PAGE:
First, tell your background. (for example, birthplace, age, university, etc.)
I was born and raised in Switzerland by a Japanese mother and Swiss father. Before moving to Berlin, I undertook a multidisciplinary foundation course at the Zurich University of the Arts which didn’t involve any computers at all, but a lot of handcraft, technical skills and experimenting instead. Although it last one year only, it definitely opened my eyes towards a holistic approach. I guess, my bi-cultural background also had an impact on my practice – being in between.
What was your major at the university? And what did you study there?
I graduated from The Berlin University of the Arts where I studied Visual Communication in the Digital Media class. Since then, I started out working as an interactive art director with agencies including Art+Com, Fork Unstable Media, DDB, Jung von Matt for clients such as Volkswagen, Google, EA Electronic Arts and Nike for over a decade before focusing on image-making and sculpting last year.
How did you pick up your cue to make “Gradient Bangles”? I’ve long been fascinated by the gradient colours derived from the mathematical calculations of surface-normal mapping, and this relationship between colour and three-dimensional topology formed the basis. For the materialization, I found the ZCorp full colour 3D printer chalk like, lowres surface quality to be extremly appropriate and deliberately left it unsealed. That’s why, although wearable, these objects are not meant to be functional jewelry. I don’t value art better than design, it’s just a different intention, context and market. In this case I simply didn’t want to make a utilitarian product in the first place. But I might do at some point — stay tuned ;)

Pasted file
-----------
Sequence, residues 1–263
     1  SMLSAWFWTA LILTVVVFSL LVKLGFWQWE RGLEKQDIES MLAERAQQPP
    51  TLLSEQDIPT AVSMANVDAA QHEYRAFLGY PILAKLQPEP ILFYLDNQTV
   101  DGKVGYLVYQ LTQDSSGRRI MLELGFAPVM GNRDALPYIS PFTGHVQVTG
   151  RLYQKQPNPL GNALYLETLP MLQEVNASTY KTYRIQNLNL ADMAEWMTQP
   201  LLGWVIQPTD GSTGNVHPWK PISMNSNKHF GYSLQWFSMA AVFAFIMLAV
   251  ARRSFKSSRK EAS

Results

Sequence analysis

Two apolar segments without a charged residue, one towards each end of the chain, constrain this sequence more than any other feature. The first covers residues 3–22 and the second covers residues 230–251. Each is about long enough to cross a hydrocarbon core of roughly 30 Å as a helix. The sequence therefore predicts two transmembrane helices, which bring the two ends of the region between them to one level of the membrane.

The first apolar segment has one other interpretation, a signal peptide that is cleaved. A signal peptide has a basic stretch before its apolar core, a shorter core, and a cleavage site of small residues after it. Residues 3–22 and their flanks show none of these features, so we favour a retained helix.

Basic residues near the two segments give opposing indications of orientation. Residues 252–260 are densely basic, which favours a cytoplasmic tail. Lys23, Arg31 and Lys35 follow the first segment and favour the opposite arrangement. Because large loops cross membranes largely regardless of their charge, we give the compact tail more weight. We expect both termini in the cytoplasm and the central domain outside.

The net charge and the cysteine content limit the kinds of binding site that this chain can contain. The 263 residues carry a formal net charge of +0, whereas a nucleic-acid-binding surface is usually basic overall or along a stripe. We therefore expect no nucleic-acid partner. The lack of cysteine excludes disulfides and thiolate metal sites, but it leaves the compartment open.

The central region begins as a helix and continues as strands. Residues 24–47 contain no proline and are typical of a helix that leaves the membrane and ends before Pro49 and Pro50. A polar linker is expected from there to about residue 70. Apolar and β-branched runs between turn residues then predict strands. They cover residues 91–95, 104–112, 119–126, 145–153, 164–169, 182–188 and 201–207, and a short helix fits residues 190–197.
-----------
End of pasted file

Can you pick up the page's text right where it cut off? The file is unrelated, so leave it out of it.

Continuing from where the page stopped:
“Gradient Bangles” is characteristic colorful gradation like fog. How do you find the source for your inspiration of the color image?
In the first versions, the surface colours were directly generated and mis-used (meaning deliberately remapped in a wrong way), whereas in later versions, the colours are only loosly inspired by the initial presets.
Still Life with Marble
At “Still Life with Marble” , you made the works like liquefaction of marble stone.How do you find the image like liquid and mineral?
In the end of 2009, when the series was made, the general perception of 3D was still pretty one-dimensional; its appreciation was subject to special effects or hidden use in commercial image production at most. Whereas highly fabricated ‘photo-real’ photographs and physically existing objects still had the aura of being more real. ‘Still Life with Marble’ investigates these issues — the value of matter and materiality and the integrity of ‘photo-realistic’ imagery – by juxtaposing rendered 3d models with faux surfaces, digitally crafted from scratch. Nowadays, digital marble patterns, columns and busts may have become quite a visual net art/post-digital cliché, but it helped expanding the notion of the ‘real’.
I felt from your works that you may express your mind to the internet space and the digital 3D space. It means that you would like to express indefinite and ambiguity trough your works. What do you think?